Sheep and tar and fish oil
Saturday September 10th 2016, 10:26 pm
Filed under: History,Knit,Knitting a Gift,Life

Finished a quick little project from the cobweb cashmere and silk that I 9-plied on my wheel recently to a fairly thick yarn. The splittiness was a pain but it was worth every minute now, now that it’s warm and so soft and pretty and–this is important–done. (Note to self: US 7 needles.)

Interesting stuff, meantime: an art-quilt wallhanging made for a museum exhibit in Australia pieced from handknit swatches and bits. I particularly like the digitalis flowers. So graceful.

And for those who haven’t seen this article yet, a bit of Viking history, starting with a 600-year-old reused sail found insulating an old church in Norway.

And so we know they were woven not of linen but of wool, shrunken and fuzzed out to a solid surface that was then coated against the water.  They would have needed 700 sheep per sail, and their entire fleet, two million animals. There is speculating that the Vikings set forth in search not of treasure of gold so much but of pastures for their flocks.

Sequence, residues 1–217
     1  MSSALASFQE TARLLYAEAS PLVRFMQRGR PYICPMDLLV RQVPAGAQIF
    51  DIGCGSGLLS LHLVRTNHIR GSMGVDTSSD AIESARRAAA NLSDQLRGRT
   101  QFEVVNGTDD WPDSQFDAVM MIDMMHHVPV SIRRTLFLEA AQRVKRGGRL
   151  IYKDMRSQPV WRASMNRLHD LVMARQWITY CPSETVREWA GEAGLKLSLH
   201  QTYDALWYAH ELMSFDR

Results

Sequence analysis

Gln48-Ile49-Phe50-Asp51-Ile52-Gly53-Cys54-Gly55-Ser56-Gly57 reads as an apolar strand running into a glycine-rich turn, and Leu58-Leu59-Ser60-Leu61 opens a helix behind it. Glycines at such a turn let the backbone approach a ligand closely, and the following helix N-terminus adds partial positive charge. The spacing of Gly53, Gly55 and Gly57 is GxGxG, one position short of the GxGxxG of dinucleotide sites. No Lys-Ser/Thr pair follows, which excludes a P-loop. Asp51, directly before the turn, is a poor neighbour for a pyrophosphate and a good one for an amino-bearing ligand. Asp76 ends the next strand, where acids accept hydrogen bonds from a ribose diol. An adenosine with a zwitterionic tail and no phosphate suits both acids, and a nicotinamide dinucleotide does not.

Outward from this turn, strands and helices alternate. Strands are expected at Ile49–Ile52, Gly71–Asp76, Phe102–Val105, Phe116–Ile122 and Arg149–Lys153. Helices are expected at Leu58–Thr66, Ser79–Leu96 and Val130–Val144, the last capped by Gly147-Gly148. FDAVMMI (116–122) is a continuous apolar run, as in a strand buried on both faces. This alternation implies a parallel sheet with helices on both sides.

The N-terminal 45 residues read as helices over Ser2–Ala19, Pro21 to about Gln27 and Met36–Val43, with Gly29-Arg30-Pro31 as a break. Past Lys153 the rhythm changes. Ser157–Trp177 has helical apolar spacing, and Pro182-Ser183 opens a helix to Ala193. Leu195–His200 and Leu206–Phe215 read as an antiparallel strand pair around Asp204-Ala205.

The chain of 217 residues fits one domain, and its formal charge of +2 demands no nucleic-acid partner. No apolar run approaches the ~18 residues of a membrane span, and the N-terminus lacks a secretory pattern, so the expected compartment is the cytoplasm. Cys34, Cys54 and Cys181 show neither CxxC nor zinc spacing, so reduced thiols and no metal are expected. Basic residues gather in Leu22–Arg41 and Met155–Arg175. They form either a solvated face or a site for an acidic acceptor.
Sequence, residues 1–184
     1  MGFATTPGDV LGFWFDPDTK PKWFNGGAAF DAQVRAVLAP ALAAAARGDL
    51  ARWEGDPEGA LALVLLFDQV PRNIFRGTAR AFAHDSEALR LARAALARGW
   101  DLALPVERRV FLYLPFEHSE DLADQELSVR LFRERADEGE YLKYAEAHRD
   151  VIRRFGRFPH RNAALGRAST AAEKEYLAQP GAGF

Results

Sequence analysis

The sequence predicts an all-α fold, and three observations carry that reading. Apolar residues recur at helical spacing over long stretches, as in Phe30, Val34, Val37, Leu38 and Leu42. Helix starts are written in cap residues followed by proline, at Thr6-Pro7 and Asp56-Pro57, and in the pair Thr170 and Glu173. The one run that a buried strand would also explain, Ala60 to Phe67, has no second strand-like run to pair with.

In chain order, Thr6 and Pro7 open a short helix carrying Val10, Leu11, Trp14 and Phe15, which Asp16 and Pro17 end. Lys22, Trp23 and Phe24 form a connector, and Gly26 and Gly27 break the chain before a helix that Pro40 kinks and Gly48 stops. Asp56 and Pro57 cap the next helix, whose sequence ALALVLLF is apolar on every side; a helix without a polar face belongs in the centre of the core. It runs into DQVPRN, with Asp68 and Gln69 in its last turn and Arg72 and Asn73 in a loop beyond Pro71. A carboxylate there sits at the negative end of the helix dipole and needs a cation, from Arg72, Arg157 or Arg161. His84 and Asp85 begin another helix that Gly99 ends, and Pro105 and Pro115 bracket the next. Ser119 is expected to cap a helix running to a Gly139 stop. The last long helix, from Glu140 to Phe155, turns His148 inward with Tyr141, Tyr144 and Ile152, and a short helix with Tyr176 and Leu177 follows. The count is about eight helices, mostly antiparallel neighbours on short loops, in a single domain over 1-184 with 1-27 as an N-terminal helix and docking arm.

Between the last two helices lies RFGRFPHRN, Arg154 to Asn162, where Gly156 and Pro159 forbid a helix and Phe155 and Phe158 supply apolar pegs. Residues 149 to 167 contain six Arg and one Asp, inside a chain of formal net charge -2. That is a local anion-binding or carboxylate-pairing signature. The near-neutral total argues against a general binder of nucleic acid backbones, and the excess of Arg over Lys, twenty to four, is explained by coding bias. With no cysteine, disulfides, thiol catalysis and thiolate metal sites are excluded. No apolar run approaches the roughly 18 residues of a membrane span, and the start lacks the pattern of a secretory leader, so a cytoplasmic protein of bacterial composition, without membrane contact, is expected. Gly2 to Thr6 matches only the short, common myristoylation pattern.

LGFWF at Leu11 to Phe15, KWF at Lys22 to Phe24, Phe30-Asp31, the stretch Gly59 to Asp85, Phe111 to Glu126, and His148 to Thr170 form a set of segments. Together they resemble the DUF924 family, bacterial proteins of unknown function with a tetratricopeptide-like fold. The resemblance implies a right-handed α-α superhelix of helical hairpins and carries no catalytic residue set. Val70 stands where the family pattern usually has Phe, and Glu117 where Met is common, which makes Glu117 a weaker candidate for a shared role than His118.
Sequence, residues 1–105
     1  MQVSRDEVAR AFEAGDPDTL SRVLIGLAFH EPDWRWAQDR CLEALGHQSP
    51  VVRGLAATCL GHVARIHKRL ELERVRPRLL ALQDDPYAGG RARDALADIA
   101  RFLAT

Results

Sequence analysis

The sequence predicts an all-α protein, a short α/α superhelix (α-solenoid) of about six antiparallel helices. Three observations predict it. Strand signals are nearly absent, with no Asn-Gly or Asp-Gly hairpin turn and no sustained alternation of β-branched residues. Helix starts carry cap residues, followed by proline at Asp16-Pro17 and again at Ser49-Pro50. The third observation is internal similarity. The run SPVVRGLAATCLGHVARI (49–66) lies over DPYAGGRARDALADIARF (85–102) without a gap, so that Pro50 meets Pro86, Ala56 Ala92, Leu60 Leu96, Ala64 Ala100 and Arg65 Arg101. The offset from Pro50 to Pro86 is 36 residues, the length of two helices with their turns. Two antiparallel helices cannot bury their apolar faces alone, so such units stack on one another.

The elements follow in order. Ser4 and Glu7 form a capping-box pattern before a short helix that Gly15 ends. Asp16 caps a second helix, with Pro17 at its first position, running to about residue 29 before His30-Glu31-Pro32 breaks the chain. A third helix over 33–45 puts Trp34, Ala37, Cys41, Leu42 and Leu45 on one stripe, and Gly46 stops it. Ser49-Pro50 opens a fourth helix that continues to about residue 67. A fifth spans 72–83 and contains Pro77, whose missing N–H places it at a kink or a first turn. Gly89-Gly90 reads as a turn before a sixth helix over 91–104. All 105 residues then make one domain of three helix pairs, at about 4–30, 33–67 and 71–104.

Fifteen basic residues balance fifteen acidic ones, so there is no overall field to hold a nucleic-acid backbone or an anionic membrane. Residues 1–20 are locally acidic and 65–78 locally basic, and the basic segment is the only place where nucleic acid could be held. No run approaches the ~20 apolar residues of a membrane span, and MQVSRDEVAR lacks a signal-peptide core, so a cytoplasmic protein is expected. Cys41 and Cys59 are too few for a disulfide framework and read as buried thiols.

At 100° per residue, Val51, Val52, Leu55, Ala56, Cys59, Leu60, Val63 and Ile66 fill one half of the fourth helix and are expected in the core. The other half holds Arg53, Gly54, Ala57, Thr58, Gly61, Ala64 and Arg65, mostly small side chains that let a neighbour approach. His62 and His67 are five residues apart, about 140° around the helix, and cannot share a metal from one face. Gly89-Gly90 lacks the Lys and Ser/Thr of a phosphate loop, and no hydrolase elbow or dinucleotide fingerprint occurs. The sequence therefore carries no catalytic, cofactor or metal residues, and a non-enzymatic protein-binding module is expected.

There are lines like this one: “Not long ago, researchers found that laundering synthetic fleece floods aquatic ecosystems with tiny plastic microfibers, which made wool look even better in comparison.”

I’d never heard that before. I imagine it’s surely better if you stay away from the fluffier types that tend to shed a bit? But all the more reason to buy wool to keep warm in.

Which you will need while reading a description of sailing in a replica Viking ship in those icy waters. Enjoy.

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I am grateful for wool. Have you read Liz Lovick’s blog or posts on Ravelry? I took a Shetland Shawl class from her online and then just had to have wool from the North Ronaldsay sheep that live on the island.

Comment by Sherry in Idaho 09.11.16 @ 8:27 am

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